With a slow housing market, we have noticed a rise in homeowners extending and renovating their current properties rather than selling up and buying a new home. This is a great idea and it doesn’t only save you money, but it can also give you a return on investment if you do decide to sell later. Before you jump in and start contacting builders, there are a few things you need to consider.

1.What’s your budget?

Before you do anything, you need to sit down and decide how much you have to spend. You will need to include extras such as your architect’s fees, costs of planning applications (if necessary) and building control. Most architects and builders chard 20% VAT so don’t forget to include that in your budget.

2. What would you like to achieve?

You need to determine what you would like to achieve from your extension. Would you like a larger kitchen? An additional bedroom in your loft space? A larger family room? This will help your architect design the space that is ideal for you.

3. How long will it take?

You need to be patient when it comes to a home extension. Planning and building regulation approvals can take months before you can consider getting started. You need to expect disruptions to your family life during the works. You need to consider holidays or events where you may need full use of your home. Try and plan ahead as far as possible.

4. Do you need planning permission?

You can check with your architect or planning officer from your local council as to whether you will need planning permission. Some extensions such as loft conversions and some single storey rear extensions do not require planning permission and are under permitted development.

5. Do you need an architect?

A home extension is not a simple DIY job; they can easily go wrong. An architect will make sure the smooth running of your project. They can submit all application for you and liaise with your builders. They are experts in this field and will guarantee the end result you are after.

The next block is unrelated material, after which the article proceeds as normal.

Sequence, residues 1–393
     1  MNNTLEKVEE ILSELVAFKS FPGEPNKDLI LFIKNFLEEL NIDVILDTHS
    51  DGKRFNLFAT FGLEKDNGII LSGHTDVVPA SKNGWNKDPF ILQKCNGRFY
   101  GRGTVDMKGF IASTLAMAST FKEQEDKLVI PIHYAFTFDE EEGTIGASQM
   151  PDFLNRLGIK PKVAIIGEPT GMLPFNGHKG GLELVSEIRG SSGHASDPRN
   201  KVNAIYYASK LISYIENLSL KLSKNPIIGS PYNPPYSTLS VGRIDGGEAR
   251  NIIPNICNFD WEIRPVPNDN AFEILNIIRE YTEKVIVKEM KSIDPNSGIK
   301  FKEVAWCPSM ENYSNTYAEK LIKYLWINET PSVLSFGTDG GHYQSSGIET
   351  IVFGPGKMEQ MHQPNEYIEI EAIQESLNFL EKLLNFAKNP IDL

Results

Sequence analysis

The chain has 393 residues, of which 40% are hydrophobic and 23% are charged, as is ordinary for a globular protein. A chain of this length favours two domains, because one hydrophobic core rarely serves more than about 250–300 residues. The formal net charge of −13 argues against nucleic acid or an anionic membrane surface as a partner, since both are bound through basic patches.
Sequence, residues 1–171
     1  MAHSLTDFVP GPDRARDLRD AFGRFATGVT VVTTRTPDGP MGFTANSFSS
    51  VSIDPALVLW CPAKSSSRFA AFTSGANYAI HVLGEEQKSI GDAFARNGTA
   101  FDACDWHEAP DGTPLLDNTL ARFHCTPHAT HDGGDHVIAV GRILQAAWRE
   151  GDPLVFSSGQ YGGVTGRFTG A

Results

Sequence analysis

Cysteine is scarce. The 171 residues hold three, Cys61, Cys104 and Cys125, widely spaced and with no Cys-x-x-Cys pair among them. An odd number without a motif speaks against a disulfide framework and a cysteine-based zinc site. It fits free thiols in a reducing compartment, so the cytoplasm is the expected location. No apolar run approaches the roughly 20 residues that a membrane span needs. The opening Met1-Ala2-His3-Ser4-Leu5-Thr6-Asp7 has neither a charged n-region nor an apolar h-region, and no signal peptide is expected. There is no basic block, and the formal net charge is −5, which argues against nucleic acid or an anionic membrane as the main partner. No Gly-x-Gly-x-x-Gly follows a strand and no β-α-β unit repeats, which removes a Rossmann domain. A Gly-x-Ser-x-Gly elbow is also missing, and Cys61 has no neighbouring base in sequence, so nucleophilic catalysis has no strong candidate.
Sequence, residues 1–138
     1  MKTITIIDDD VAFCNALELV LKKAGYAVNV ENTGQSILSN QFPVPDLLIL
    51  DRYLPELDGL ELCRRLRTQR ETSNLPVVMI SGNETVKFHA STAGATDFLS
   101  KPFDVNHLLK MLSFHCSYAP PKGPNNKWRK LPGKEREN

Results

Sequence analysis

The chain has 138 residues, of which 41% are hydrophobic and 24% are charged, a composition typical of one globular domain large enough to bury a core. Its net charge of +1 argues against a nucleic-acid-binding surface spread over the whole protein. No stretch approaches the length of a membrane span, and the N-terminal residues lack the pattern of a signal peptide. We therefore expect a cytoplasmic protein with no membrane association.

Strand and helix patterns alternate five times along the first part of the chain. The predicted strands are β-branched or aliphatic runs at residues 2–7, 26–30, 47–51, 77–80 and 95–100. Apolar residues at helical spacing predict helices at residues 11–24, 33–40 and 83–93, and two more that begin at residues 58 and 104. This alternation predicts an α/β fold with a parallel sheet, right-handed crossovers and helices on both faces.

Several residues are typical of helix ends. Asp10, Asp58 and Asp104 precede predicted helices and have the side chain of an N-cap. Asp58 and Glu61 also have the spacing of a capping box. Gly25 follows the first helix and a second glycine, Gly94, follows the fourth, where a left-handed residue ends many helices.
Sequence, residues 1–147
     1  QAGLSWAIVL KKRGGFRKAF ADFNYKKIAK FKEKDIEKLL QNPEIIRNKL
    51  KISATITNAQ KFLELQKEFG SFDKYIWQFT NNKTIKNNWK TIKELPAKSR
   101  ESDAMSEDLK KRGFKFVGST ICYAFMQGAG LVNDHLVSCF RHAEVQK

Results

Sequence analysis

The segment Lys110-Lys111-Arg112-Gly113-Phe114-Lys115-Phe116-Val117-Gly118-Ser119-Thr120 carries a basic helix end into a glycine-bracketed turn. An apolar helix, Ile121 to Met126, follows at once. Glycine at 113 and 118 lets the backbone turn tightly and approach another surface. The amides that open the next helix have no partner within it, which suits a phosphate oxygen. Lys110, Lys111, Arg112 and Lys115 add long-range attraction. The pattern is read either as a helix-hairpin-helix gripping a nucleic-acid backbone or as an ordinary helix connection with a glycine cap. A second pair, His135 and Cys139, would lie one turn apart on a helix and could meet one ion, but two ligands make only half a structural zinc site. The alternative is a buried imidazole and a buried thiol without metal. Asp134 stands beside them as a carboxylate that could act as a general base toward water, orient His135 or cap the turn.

6. What about my neighbours?

You need to take your neighbours into consideration, especially if any works are being carried out on a party wall which connects to your neighbour’s property. You may need a party wall agreement where they consent to the works. This can incur additional costs. Your architect will be able to advise you on this.

7. Are you in a conservation area?

You need to check with your local council to see whether you are in a conservation area or if your home is a listed building. This could mean there are restrictions to any alterations you would like to make to the property.

8. Where are you extending?

Would you like to extend to the back of the property, the side or extend up? The most effective way of gaining extra space is either a loft conversion, single storey rear extension or a two-storey side extension (if you have the space to extend from the side). If you have the option to extend your loft space into an additional bedroom, then it is definitely worth considering. Talking to your architect can help with design ideas. They have lots of experience and can help come up with the best option for you.

9. How do you know your builder is good?

Unless you’re a builder or have a builder in your family, it is more than likely that you will need to get a firm in. You need to choose carefully and wisely to avoid cowboy builders. If you have a neighbour or someone on your street who has previously had a similar extension, feel free to ask them their experience with their builder and if they would recommend them. Your architect should also have a list of approved builders that they have previously worked with that they can recommend.

10. What’t your timeline?

Set yourself a realistic timeline for completion. There is a great chance your project will over-run, but this is normal. It is rare that projects finish on time. Don’t underestimate the impact that building works can have on your quality of life. Being prepared will help you minimise the impact.